Lyons, Kelly Starling

Cherishing the special broom resting above her hearth for its representation of the slave heritage that once forbade legal marriages, Ellen prepares for her parents' triumphant registry at a Reconstruction-era courthouse as lawful husband and wife and proudly carries the broom so that they can repeat a cultural wedding tradition.

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If You Plant a Seed

Nelson, Kadir

With spare text and breathtaking oil paintings, If You Plant a Seed demonstrates not only the process of planting and growing for young children but also how a seed of kindness can bear sweet fruit.

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Harlem Renaissance Party

Ringgold, Faith

Lonnie and his uncle Bates go on an unforgettable journey back in time to the Harlem Renaissance, where they meet such famous writers, musicians, artists, and athletes as Louis Armstrong, Jack Johnson, Josephine Baker, and Langston Hughes.

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I Got the Rhythm

Schofield-Morrison, Connie

On a trip to the park with her mother, a young girl hears a rhythm coming from the world around her and begins to move to the beat, finally beginning an impromptu dance in which other childen join her.

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My Daddy Rules the World

Smith, Hope Anita author.

A picture book of poems that celebrate fathers from a two-time Coretta Scott King Honor-winning poet.

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A Night Out with Mama

Wallis, Quvenzhané, 2003- author.

A very talented little girl has a very special night ahead of her. A night where she’ll get to wear a new dress in the most beautiful shade of blue with shoes that match it perfectly. A night where she’ll get to ride in the biggest car she’s ever seen! A night that will, of course, include ice cream.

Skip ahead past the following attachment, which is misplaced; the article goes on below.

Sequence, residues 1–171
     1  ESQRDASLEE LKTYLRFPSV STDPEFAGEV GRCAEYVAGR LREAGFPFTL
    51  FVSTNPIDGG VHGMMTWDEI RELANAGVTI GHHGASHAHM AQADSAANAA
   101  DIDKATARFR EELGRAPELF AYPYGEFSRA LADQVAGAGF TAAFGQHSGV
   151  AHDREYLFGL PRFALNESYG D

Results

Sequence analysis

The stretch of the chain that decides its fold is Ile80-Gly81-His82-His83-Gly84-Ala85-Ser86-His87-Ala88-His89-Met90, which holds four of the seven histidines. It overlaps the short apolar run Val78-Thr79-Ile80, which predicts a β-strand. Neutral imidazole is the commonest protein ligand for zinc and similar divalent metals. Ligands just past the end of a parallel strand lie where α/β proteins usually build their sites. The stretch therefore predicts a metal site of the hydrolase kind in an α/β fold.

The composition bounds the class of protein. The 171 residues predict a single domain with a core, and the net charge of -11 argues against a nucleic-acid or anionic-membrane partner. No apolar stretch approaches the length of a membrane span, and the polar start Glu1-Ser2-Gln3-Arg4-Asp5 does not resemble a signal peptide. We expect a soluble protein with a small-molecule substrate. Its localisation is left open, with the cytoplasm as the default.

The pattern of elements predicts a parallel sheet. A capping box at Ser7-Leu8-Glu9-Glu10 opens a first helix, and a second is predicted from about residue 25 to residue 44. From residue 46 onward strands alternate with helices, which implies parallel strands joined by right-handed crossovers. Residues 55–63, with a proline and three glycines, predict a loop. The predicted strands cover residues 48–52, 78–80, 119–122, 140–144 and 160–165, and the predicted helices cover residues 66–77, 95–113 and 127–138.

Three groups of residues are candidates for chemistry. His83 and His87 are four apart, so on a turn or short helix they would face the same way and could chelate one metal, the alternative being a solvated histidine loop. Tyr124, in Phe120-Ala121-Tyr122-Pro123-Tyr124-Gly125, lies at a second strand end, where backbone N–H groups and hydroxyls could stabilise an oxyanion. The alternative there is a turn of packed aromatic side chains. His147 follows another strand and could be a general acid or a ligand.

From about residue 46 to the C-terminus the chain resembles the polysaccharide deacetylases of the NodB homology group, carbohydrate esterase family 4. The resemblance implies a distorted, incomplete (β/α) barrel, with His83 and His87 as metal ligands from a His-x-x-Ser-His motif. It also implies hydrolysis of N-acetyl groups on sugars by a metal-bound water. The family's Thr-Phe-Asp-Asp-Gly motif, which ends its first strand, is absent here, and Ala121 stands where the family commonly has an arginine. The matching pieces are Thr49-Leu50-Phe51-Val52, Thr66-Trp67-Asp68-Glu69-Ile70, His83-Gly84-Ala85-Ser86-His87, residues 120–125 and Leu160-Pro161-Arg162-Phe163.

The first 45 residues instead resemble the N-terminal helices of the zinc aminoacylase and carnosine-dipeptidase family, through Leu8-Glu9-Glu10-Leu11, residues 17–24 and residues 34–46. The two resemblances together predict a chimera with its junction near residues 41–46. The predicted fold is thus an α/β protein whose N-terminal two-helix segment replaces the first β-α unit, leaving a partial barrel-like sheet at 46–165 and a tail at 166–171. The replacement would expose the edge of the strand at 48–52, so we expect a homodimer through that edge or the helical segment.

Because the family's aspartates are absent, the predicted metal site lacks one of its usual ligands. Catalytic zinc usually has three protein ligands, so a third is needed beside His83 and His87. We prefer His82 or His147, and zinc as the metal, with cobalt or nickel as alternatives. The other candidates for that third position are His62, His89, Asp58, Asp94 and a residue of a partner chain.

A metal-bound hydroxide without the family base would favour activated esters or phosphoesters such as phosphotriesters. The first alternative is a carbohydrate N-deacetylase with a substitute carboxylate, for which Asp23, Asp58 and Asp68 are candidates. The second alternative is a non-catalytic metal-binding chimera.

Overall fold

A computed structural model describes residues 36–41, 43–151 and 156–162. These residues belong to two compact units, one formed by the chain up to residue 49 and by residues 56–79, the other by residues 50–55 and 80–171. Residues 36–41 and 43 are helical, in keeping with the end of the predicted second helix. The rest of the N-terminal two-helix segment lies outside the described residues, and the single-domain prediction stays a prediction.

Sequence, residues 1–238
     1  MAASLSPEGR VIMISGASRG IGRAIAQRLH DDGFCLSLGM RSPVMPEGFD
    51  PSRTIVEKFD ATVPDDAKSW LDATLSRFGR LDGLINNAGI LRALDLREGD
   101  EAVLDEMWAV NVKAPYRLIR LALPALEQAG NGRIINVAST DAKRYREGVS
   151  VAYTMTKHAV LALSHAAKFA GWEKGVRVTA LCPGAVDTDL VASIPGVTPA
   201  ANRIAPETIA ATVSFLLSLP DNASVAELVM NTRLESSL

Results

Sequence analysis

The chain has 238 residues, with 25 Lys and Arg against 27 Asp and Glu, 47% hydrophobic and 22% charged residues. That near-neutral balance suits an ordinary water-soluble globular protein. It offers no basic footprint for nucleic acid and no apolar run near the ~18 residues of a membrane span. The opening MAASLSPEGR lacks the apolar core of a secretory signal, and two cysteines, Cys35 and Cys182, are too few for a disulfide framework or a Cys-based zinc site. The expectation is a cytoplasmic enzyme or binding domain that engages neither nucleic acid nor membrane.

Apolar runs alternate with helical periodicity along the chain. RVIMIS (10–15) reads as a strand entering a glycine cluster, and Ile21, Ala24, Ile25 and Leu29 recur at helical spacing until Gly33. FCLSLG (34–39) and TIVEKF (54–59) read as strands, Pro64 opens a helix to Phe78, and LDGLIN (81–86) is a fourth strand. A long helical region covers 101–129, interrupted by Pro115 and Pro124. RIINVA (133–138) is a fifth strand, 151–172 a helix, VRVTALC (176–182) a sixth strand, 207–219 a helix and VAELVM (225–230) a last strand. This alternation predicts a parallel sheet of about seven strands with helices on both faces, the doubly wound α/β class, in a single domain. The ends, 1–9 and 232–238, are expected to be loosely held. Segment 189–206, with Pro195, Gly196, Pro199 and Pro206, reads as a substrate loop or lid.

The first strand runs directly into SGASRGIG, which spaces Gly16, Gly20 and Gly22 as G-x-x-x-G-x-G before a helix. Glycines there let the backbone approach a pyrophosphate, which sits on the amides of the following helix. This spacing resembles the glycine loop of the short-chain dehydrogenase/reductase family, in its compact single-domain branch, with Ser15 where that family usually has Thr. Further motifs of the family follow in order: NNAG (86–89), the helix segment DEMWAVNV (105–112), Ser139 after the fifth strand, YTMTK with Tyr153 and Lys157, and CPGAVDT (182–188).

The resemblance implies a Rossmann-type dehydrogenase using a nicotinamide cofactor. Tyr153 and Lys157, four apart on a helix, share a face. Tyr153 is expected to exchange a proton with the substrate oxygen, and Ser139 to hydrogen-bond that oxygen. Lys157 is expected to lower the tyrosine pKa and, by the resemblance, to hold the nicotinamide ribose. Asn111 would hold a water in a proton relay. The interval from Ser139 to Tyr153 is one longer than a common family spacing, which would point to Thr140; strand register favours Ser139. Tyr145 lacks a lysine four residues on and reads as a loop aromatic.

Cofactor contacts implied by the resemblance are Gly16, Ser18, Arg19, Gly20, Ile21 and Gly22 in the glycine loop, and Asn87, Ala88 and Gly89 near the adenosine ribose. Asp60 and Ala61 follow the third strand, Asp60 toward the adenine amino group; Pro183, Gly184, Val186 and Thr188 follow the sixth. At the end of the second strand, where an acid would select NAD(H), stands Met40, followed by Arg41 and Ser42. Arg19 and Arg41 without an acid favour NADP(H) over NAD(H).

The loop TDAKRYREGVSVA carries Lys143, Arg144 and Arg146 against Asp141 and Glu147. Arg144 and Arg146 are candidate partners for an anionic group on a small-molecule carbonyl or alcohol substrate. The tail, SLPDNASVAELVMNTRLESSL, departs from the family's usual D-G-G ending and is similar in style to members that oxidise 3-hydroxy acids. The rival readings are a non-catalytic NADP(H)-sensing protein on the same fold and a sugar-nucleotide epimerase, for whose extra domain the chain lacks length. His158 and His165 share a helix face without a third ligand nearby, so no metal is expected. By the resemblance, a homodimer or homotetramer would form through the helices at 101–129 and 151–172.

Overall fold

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Harlem’s Little Blackbird

Watson, Renée

Born to parents who were both former slaves, Florence Mills knew at an early age that she loved to sing, and that her sweet, bird-like voice, resonated with those who heard her. Performing catapulted her all the way to the stages of 1920s Broadway where she inspired everyone from songwriters to playwrights, while choosing to support and promote works by her fellow black performers while heralding a call for their civil rights.

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Freedom in Congo Square

Weatherford, Carole Boston, 1956- author.

A poetic tribute to a lesser-known part of African-American history describes how after working relentlessly for more than six days, slaves in nineteenth-century New Orleans were permitted to congregate in Congo Square.

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Pecan Pie Baby

Woodson, Jacqueline

When Mama's pregnancy draws attention away from Gia, she worries that the special bond they share will disappear forever once the baby is born.